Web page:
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Skinnamarink a dinky dink

Do you remember "The Elephant Show"? I remember it so well that I can sing the entire song and do the hand motions all without consciously thinking about it.

Aside from all that khaki and perms everywhere being seared into my brain, the feeling that resonates most when I think of "The Elephant Show" is love.

The funny thing is, treasured among my childhood nostalgia- the likes of TMNT, Ultraman, Anpanman, Nick at Nite, Ghostwriter, Wishbone, MMPR, I don't actually remember specific episodes or moments of "The Elephant Show" aside from the song and dance. In my brain, it's just three old hippies and an elephant running around and me as a kid feeling loved without having to ask for it.

And I was thinking about that.

If I can still recite the theme song to "The Elephant Show" even though it wasn't one of my favorite things, think about how important that means the things we watch and feel as a kid are to your emotional growth.

Amongst the violence and sadness of my childhood, I was still able to feel loved unconditionally in some sense, and reminded I have value, all because of kind strangers on TV.

As adults, we often poke fun at children's programming, but it may be one of the most important pieces of television programming we do. There are so many ways that we fail to reach the people who need us the most, but with shows like Mr. Roger's, Sesame Street, The Elephant Show, we still have a lifeline to telling a kid that, "Hey, your feelings matter. You're worthy of love. I see you." And if you really sit and think about it, that's kind of amazing.

It makes me want to apologize to Barney for laughing at all the jokes at his expense. Sure, it's cool when you're 12 to make fun of the purple dinosaur, but you don't know that at 37 you'll be awake at 4:30AM crying because you realized how much that fucker loved and saved you.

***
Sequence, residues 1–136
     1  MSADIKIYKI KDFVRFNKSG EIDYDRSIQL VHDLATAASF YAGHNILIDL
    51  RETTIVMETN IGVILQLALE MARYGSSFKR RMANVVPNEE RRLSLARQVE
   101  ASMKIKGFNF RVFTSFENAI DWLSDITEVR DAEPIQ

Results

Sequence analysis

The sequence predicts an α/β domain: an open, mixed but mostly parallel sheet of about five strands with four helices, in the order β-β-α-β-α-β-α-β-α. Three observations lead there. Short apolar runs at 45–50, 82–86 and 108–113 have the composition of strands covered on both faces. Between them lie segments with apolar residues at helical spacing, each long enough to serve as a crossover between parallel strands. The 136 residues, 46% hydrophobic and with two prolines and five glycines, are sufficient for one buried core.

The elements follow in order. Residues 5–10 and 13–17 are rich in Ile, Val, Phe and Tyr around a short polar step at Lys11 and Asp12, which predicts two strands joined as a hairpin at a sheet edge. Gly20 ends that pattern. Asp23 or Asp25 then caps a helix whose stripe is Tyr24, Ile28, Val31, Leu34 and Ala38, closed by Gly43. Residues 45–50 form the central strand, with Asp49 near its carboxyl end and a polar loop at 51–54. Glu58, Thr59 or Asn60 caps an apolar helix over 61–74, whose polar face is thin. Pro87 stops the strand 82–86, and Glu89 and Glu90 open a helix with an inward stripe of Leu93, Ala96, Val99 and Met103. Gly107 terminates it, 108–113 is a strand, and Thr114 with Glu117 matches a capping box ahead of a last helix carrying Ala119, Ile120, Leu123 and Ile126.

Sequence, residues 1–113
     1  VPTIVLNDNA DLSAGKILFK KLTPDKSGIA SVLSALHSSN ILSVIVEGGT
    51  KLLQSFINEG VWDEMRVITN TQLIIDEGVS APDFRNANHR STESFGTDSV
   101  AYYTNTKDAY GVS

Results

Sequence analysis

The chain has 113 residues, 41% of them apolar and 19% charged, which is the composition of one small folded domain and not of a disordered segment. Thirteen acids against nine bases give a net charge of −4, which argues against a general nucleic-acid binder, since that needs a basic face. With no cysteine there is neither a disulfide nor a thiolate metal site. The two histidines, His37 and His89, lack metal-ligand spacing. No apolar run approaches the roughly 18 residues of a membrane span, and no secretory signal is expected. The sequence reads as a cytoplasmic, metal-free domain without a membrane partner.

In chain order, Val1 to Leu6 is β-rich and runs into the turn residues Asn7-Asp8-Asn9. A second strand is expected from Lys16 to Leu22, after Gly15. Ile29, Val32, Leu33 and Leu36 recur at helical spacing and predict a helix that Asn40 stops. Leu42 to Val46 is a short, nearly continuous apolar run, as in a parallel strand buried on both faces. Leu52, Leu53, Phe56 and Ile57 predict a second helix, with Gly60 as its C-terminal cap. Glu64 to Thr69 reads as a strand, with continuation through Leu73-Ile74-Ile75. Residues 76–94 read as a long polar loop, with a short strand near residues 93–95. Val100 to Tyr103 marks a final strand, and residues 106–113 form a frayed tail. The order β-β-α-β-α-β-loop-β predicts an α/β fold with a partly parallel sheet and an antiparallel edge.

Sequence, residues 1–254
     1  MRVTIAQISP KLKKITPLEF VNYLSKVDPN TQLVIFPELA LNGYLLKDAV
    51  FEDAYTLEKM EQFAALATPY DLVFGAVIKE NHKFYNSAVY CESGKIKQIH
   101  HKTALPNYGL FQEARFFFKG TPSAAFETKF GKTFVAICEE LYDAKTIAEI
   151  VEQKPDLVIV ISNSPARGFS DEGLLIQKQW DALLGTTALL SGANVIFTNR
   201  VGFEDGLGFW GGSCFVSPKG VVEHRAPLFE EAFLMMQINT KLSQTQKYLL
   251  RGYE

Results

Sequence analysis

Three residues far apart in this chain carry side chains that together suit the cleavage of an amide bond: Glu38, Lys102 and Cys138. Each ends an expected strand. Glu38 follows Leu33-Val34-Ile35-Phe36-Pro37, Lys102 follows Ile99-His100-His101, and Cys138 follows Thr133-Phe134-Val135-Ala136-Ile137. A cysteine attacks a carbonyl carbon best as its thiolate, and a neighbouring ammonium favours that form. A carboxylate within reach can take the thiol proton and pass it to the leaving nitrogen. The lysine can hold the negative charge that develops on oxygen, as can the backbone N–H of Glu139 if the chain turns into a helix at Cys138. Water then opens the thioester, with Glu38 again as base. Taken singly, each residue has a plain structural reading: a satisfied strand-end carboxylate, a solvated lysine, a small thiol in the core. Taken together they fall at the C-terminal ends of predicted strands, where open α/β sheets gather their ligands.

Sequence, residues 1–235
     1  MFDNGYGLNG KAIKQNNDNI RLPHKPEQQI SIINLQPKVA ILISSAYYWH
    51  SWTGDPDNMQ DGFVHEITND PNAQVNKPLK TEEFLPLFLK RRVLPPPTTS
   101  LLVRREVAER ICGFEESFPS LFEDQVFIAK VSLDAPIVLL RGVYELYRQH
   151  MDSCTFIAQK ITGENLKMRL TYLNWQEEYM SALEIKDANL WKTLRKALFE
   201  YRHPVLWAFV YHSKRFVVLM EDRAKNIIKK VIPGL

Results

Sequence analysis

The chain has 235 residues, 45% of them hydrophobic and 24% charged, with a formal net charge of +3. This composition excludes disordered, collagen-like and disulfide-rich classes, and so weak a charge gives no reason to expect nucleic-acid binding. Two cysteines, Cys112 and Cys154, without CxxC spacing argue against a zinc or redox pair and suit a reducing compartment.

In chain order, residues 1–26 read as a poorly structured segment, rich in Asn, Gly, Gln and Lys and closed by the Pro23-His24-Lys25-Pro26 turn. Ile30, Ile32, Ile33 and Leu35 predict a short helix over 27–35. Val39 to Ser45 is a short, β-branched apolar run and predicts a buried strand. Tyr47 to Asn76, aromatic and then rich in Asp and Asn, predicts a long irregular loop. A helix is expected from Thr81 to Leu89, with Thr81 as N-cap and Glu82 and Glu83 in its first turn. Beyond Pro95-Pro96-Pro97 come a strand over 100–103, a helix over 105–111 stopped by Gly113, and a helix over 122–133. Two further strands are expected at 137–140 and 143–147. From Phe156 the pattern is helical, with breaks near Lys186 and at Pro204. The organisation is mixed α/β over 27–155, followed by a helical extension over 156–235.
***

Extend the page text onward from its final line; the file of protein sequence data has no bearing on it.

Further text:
Just look at what happened when Steve from Blue's Clues sent that loving message out to his tv kids now adults. It's not that we're all too soft. It's that the world is so hard and lacking in love that we're all desperately clinging to any memory of feeling it. As we drown in cynical and shallow YouTubers and influencers, the need for formal children's programming is more apparent than ever. Less Jake and Logan Paul, more Mr. Roger's and Elephants.

This started as a post about the things I'm grateful for. It was going to be a list. But as soon as I sang the theme song to myself, I felt briefly safe, loved, and happy. And I realized that it deserves more than a spot on a list. I need to properly tell all the PBS, Nickelodeon, and Fox Kids tv that was there for me as a kid, thank you for speaking to me when no one else was. Thank you Mr. Rogers for celebrating my empathy. Thank you Oscar for letting me know it's okay to be a grouch and you can still be a good person. Thank you Sharon, Lois, and Bram for telling me everyday that I am and always will be worthy of love.

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